Data from Statista shows that approximately 3.6 thousand Americans participate in esports, the largest number of active competition players globally. Today, the electronic sports industry has become one of the biggest mediums of entertainment in the world.
However, esports has not always been a source of mainstream entertainment. In the past, the esports scene was just a miniature niche that you could only find at basement LAN parties. But with figures like Drake and Michael Jordan pouring money into this sector, its popularity has grown tremendously. Below is a brief history of esports from the 1970s until it became a full-fledged industry.
Origin of Esports
The origin of electronic sports dates back to 1972 when five students from Stanford University competed in the vintage Spacewar game. Unlike today when there is money pouring into the esports sector from viewers, sponsors, and players, there was no prize money for the winners. This event provided momentum for an official video game competition in 1980, known as the Space Invaders, attracting up to 10,000 participants.
Throughout the 1980s, several companies and game developers realized the potential of competitive gaming. Twin Galaxies, founded by Walter, created the arcade records database to store records of top scorers and arrange competitions for top players in the US. Soon, televised competitions appeared on the Starcade US television show from 1982 to 1984. Other events were also aired in shows like BBC’s ‘First Class’ and ABC’s ‘That’s Incredible.’
Development of Esports
In the late 1980s and the early 1990s, the rise of the internet led to a new dimension in the history of electronic sports. The internet made it possible to have competitive online gaming. Also, companies such as Blockbuster and Nintendo began sponsoring championships. Notably, PC games’ graphics, control, and accessibility also rose to a whole new level.
Some significant years that laid the foundation for the development of esports include:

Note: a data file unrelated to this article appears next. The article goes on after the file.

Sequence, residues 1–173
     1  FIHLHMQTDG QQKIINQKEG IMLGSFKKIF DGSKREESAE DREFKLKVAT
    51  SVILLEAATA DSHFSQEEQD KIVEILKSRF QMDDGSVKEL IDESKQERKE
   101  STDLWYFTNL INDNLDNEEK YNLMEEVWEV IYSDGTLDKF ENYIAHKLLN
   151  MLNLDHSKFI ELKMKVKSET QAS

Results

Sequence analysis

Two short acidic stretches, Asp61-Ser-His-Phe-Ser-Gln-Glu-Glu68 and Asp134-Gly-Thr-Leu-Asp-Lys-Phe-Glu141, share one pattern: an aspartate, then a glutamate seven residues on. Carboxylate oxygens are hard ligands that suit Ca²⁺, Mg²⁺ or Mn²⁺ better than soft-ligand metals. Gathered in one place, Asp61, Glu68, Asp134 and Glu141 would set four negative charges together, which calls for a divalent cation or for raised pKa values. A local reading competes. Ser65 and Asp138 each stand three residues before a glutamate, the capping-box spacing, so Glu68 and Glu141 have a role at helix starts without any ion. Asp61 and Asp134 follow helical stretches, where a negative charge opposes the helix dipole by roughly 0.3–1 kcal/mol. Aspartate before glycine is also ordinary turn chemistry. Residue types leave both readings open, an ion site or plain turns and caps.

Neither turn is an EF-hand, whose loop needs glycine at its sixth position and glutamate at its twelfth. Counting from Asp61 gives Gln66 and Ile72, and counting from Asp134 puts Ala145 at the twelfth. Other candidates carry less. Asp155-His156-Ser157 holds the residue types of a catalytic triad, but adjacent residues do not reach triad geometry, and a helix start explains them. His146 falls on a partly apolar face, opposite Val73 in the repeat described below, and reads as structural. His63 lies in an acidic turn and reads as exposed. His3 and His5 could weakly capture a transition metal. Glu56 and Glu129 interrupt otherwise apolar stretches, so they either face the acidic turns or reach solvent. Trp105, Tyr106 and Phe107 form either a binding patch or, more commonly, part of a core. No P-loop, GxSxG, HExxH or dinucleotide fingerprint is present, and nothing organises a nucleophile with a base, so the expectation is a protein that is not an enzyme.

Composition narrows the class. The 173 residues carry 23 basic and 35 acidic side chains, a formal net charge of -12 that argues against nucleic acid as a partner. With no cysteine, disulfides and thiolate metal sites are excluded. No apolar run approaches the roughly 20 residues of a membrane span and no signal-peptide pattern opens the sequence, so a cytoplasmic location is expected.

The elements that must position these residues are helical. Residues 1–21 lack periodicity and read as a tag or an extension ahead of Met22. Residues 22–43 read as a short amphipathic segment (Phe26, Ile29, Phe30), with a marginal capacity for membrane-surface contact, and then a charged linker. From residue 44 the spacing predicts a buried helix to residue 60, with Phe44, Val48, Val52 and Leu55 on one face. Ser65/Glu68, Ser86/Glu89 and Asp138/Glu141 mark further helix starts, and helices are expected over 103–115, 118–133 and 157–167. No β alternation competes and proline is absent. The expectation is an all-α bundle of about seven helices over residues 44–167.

• 1988: There was a major milestone in online gaming as Netrek brought the first online multiplayer.
• 1991: Nintendo was hugely successful with the release of Super NES, Super Mario, and StreetFigher 2, the biggest online game of the 90s. Nintendo also acted swiftly on the potential of electronic sports by launching the world championship. Game developers and designers took advantage of internet connectivity and made video games more accessible.
• 1994: Nintendo held another world championship at the grand finale in San Diego, which attracted many spectators.
• 1996: Direct competition was introduced in Mortal Kombat and Street Fighter II games that determined the best player.
• 1997: The Red Annihilation competition was held, with about 2000 participants, regarded as the first true esports event.
Rapid Growth of Esports
In the 2000s, there was massive growth in video games, and more people gained access to gaming PCs. Also, South Korea became the hub of electronic sports after the mass building of LAN gaming centers and broadband internet networks that led to an influx of competition.
The advent of Twitch in the 2010s made it easier to participate in and watch esports competitions. A live streaming platform was made available in 2011, which connected gamers to esports competitions. This way, gamers could stream games in the comfort of their homes and earn a living by building an audience and gaining sponsorship deals. The platform had approximately 3.2 million visitors each month which grew to 20 million the following year.
As more people participated in esports competitions, players received some of the highest payouts. Dota 2 tournament had the largest prize pool of $18.4 million in 2015, which rose to $34.3 million in 2019. And with more funds pouring into this sector, there were more opportunities for gambling and esports betting. The presence of eSports Arena continues to grow in more than 16 Walmart locations in the US in 2021.
The growth of the esports industry doesn’t seem to slow down anytime soon. Besides, there is a booming gaming market, and sponsors are spending millions of dollars to sponsor grand events and esports teams.